The female condom. In the already somewhat icky seeming world of prophylactics, no three words conjure up quite the same degree of embarrassment and censure. Since the debut of the female condom in 1993, it has been described as a jellyfish, a windsock, a colostomy bag, and even a contraption used to punish fallen virgins in the Dark Ages. Even many self-proclaimed feminists hate them. Jezebel published an article about female condoms called “Stop Trying To Make Female Condoms Happen” that, with the utmost enlightenment, described women who wear female condoms as “[lining] their vaginas like a waste paper basket.” “Female condoms are just ew,” the article helpfully concluded.
But as this fantastic article written by Emily Anthes of the BBC notes, the female condom had gotten a bad–excuse the pun–rap. In fact, much of the criticism of female condoms is based on inherently classist worldviews that take as a given that women have control over the course of the sex act. But that’s not the case in many places, particularly in the third world. Can design save the female condom?
While a woman in America or Europe may consider a female condom an inferior choice to a regular johnny, such an opinion takes it for granted that one’s sexual partner would consent to wear a condom to begin with. Yet in the developing world–particularly sub-Saharan Africa, where 60% of new HIV diagnoses have been made by women, and where rape (often inside of marriages) is a matter of course–no such assumption can be made. What makes the female condom such an incredible invention is that it gives women a non-verbal method of protecting themselves from sexually transmitted disease and pregnancy.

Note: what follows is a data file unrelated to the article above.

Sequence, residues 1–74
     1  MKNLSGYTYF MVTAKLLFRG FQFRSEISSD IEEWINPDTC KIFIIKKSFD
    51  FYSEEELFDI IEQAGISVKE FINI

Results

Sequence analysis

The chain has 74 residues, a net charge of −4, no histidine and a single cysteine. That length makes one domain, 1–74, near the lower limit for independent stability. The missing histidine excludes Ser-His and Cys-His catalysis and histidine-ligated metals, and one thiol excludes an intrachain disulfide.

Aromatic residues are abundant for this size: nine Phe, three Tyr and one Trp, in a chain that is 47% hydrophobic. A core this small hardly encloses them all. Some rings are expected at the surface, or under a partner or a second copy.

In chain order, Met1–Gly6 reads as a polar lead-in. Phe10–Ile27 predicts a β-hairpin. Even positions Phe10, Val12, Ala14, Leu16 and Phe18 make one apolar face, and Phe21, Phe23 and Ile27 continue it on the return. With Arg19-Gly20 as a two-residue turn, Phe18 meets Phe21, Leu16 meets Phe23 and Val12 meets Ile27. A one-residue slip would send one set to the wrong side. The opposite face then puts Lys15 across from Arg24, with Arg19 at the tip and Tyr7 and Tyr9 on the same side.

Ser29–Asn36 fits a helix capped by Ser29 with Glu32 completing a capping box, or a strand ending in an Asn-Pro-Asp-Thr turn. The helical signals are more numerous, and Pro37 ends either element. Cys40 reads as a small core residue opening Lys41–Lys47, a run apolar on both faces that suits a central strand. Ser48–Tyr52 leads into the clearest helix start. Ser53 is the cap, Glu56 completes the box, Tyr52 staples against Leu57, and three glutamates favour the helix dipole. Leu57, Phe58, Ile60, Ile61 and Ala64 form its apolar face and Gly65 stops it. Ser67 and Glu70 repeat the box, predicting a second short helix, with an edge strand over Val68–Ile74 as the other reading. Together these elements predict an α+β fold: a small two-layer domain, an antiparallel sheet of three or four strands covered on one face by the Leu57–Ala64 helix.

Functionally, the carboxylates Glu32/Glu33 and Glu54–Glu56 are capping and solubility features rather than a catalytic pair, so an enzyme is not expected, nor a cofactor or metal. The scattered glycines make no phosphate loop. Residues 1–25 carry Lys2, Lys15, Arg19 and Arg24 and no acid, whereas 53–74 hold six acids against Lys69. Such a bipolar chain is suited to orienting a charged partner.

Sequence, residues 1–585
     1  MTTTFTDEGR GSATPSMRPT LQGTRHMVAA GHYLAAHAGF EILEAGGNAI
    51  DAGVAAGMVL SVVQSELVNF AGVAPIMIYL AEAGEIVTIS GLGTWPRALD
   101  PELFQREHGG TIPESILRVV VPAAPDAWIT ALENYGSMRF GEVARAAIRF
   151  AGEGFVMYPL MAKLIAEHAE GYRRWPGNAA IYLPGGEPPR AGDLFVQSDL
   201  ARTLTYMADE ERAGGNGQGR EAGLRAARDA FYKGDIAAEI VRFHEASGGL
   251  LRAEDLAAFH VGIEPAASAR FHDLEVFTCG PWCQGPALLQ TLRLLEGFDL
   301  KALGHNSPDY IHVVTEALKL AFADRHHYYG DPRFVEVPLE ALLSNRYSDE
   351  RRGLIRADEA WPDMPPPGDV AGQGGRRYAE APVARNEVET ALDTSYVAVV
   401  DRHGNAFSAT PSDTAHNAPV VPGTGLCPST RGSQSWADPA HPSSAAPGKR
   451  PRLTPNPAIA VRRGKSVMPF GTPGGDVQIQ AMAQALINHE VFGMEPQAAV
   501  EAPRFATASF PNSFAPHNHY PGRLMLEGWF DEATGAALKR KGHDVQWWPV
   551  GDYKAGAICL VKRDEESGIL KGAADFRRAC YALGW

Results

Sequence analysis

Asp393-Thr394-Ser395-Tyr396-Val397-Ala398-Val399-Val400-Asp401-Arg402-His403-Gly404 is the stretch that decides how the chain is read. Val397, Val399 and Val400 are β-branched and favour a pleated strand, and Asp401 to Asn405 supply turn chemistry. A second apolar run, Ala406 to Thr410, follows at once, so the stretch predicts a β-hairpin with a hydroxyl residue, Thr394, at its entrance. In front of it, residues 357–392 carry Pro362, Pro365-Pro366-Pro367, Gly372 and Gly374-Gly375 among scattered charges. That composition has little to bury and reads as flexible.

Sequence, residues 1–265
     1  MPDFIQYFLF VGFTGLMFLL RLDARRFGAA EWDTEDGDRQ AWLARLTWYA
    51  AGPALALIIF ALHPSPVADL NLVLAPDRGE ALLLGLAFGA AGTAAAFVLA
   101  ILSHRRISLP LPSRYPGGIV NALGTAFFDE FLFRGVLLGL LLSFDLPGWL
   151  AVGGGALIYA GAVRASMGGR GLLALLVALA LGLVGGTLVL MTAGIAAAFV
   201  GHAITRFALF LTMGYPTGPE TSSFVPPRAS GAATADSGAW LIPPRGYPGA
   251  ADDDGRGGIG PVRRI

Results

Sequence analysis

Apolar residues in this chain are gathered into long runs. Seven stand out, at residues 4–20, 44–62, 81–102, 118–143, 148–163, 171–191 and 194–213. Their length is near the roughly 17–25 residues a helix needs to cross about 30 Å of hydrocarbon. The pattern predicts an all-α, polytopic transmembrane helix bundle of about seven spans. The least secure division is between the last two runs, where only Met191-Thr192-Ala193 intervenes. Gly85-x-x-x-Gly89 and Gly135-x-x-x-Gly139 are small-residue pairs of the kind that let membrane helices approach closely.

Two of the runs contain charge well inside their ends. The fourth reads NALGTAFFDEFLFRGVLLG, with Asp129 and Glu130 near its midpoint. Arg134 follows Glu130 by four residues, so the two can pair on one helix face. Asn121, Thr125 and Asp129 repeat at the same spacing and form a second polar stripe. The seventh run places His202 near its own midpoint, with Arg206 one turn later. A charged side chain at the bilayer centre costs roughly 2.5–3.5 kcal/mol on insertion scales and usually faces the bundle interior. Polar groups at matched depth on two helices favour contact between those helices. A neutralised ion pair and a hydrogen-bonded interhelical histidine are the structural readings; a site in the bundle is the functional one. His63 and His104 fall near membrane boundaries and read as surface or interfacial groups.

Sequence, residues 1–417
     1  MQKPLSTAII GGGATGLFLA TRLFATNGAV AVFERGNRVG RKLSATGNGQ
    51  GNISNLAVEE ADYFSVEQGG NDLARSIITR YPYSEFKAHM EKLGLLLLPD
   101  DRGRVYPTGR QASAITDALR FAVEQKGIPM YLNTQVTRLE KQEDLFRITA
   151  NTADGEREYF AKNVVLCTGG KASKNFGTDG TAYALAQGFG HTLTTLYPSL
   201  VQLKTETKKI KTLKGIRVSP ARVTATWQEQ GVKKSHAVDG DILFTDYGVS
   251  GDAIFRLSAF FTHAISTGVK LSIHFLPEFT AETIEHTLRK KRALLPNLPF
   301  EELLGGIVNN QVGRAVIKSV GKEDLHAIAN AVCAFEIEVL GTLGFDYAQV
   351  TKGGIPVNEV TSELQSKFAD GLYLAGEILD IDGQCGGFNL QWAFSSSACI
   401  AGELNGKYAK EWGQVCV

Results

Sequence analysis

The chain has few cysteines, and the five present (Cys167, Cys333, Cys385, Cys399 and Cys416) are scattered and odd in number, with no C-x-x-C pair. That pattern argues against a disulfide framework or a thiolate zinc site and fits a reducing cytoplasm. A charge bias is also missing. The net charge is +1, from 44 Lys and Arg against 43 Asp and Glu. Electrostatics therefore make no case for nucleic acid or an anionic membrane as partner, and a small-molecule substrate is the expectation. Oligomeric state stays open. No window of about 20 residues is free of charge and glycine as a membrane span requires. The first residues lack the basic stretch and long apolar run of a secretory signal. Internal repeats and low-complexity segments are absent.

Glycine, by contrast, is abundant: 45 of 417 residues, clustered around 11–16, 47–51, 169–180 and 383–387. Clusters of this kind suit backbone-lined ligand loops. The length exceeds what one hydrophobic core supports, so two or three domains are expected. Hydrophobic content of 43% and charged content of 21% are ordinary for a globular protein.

Luckily, it appears that design innovations are set to revolutionize the female condom, even in the developed world. One of the major reasons that female condoms have a stigma is the way they ship, which is fully unrolled; hence, the “jellyfish” descriptions of the product. They are also difficult to insert, and some women find them painful once inside. Early versions of female condoms were also prone to making noises during intercourse that were less lubricated than lugubrious: no one wants to hear squeaking and rustling during sex.
Over the last 15 years, numerous companies have been tackling these problems, and trying to invent a better female condom. While early female condoms were made of polyurethane, newer female condoms are made of nitrile, which eliminates much of the noise of wearing a female condom and also makes them significantly cheaper. And there’s even more ingenuity happening in female condom design. Consider, for example, the Panty Condom, which features a condom pouch affixed to a pair of reusable panties that feature an opening over the vagina. Before sex, the condom can be pushed into the vagina, even by penis, without a woman having to take off her underwear.
Meanwhile, two American companies have been tackling the application and deployment problems. Path, a non-profit based in Seattle, has been working on a redesign of the female condom since 1998. After more than 300 prototypes, the organization has developed the Woman’s Condom, which is inserted like a tampon with an applicator that dissolves within 60 seconds when coming into contact with the moisture of the vagina. It should be available in the U.S. this year. Meanwhile, Origami Condoms in California has developed a silicone female condom that unfolds like an accordion as it’s pushed into the vagina. It is currently seeking regulatory approval.
Such innovations could go a long way to helping the female condom lose its stigma. In fact, according to studies by Path, 98% of women and an amazing 100% of men said that they found using the company’s Woman’s Condom to be sexually pleasurable. In other words, once you get past the opprobrium, female condoms, when properly used, don’t diminish sexual pleasure any more than male condoms. The main issues with female condoms are ones of perception and application. Design is in the process of solving the latter; can society change its mind on the former?
Read the BBC’s full report on female condom design here.